Today, on World Egg Day, we celebrate one of nature’s most nutritious foods – eggs. The humble egg is a rich source of protein and essential fatty acids, as well as a range of vitamins and minerals.
Eggs are beneficial throughout the life course, with special potential to fuel growth and development during the first two years. For babies and children with small stomachs, eggs are among the best foods to improve diets, given they contain high concentrations of quality nutrients which help brain development and physical growth. For pregnant and lactating women, they also provide nutrients required to help the baby grow and develop inside and outside the womb, with potential to improve birth outcomes, milk quality, and physical and mental child growth.
Egg supply around the world
While we might not think twice about an egg for breakfast, a slice of quiche for lunch or some egg fried rice for dinner a few times a week, in many places such levels of egg consumption remain an unaffordable luxury.
Globally, the average egg supply is around 3.5 eggs per person per week. National and even regional variation is large though, from less than a quarter of one egg per person per week in Middle Africa, to about 7 eggs per person per week in Eastern Asia (Figure 1).
How many eggs should we be aiming for?
As yet there are no UN global guidelines recommending how many eggs we should aim to eat. Similarly, the UK Eatwell Guide recommends eating eggs as part of a healthy diet but does not specify how many. The EAT-Lancet commission published earlier this year recommended that for personal and planetary health, adults eat between zero and 3.5 eggs per week (assuming 50g eggs).
Why aren’t people eating more eggs?
Affordability is a huge barrier in many parts of the world. Work by the International Food Policy Research Institute earlier this year highlighted some stark differences in egg affordability:
“Egg calories in Niger are 23.3 times as expensive as a calorie from a staple food, such as rice or corn. In contrast, egg calories in the United States are just 1.6 times as expensive as staple food calories.” - Derek Headey and Harold Alderman
Part of this problem owes to lack of availability. Since the establishment of World Egg Day in 1996, egg production has grown ahead of population. But only by a relatively small margin – global per capita egg supply grew an average of 1.1% per year between 1996 and 2013. In many places, supply still falls well short of demand, owing to common barriers faced by small and medium size enterprises (SMEs) in low and middle income settings, such as:
- Expense and disruption in supply of inputs, including feed (often the largest fraction of egg production costs), veterinary care or electricity; and
- Other technical and financial barriers to scaling up – such as accessing finance to increase laying stock, or to invest in infrastructure, distribution networks, and other resources.
Overcoming such hurdles to achieve economies of scale will improve supply and affordability. Where production and distribution of eggs faces fewer barriers – as in most middle and high income settings - chicken eggs have become one of nature’s most affordable nutritious foods. Nonetheless, it is important to note that such achievements bring environmental and animal welfare implications – see Box 1.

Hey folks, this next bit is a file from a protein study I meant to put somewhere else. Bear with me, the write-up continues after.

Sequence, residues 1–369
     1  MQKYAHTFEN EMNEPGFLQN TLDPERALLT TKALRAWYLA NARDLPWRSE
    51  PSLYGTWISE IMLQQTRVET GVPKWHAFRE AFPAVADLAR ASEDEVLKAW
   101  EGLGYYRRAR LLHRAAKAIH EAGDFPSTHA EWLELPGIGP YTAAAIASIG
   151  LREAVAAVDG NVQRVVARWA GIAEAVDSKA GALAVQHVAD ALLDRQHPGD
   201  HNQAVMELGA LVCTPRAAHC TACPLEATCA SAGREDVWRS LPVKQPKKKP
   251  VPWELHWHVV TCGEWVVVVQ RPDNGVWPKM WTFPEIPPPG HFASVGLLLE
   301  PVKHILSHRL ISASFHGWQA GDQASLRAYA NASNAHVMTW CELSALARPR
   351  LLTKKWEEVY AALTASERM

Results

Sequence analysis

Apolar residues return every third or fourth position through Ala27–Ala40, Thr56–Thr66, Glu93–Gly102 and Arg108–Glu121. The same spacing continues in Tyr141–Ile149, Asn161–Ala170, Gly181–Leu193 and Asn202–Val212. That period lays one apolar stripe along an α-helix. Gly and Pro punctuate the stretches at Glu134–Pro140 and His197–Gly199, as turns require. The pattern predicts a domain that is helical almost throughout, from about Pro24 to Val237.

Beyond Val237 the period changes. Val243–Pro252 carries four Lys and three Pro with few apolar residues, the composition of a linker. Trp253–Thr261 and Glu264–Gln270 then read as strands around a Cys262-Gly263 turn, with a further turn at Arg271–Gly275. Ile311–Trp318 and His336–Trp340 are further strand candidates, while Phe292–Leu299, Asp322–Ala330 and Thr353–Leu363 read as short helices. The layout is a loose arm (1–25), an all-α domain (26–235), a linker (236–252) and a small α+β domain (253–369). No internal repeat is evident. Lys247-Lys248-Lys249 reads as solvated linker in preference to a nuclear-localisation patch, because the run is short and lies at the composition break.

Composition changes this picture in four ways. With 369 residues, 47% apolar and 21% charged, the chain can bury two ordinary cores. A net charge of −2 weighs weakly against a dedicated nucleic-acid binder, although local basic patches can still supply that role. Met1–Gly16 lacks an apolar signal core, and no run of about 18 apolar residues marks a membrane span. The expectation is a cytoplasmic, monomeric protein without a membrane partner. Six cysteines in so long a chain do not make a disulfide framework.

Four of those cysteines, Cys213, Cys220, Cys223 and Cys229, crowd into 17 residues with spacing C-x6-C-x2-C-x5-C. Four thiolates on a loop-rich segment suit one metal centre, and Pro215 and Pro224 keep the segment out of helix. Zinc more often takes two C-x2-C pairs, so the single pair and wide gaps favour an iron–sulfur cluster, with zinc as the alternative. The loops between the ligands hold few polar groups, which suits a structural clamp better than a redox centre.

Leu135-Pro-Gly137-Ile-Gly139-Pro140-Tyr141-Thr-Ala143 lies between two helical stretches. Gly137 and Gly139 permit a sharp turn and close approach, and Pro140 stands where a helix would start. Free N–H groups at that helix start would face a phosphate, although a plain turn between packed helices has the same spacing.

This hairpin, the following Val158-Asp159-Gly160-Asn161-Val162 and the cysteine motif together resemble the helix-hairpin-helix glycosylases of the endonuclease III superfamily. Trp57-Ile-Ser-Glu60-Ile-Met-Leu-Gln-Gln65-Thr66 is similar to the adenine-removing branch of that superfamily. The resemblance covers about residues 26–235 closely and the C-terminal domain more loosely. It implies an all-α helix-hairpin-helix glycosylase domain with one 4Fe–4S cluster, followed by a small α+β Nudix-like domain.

Environmental and animal welfare aspects of egg production must not be ignored
While there is much to be applauded in the potential affordability of nutritious and safe eggs, implications for the environment and for the welfare of animals also deserve attention. Eggs take significant amounts of feed, water, energy and care to produce and distribute, while the welfare of laying chickens varies greatly. Welfare and environmental concerns tend to be seen as a higher priority in richer economies, where large scale industrial production proliferates.
From an environmental perspective, relative to other nutrient-dense animal sourced foods, eggs have low feed-conversion ratios and water footprints, making them fairly efficient to produce (Figure 2).
In many low and middle income country settings, not only supply, but demand factors also influence people’s egg consumption. In some places for instance, pregnant women are encouraged to avoid eggs on the grounds they will have bald babies, while young children might not be fed eggs if their carers believe eggs are unhealthy for them. This may mean even if eggs are available in the household, children are not getting them. Such barriers need to be properly understood and sensitively tackled to increase egg consumption by vulnerable target groups.
Public, private and civil society sectors working together can improve egg availability, affordability and desirability
We strongly believe that multiple stakeholders need to work together to improve the supply of all sorts of nutritious, safe and healthy foods – eggs included.
There are many opportunities within the food system for public, private and civil society actions to improve people’s consumption of eggs ( Figure 3 lays out some simple examples). This is by no means a complete menu of options but it shows some of the ways stakeholders can and should work together to improve people’s diets.
Happy World Egg Day
Clearly there is much to celebrate about the benefits of eggs this World Egg Day – but in some settings we still have a long way to go to make the celebration truly global – one that people all over the world can afford and enjoy.
For egg-stra information on the nutritional benefits of eggs, have a look at these egg-sellent factsheets:
- GAIN’s work on eggs
- Egg consumption in Africa: a big opportunity for African enterprises
- Nutrition of eggs
- Eggs for all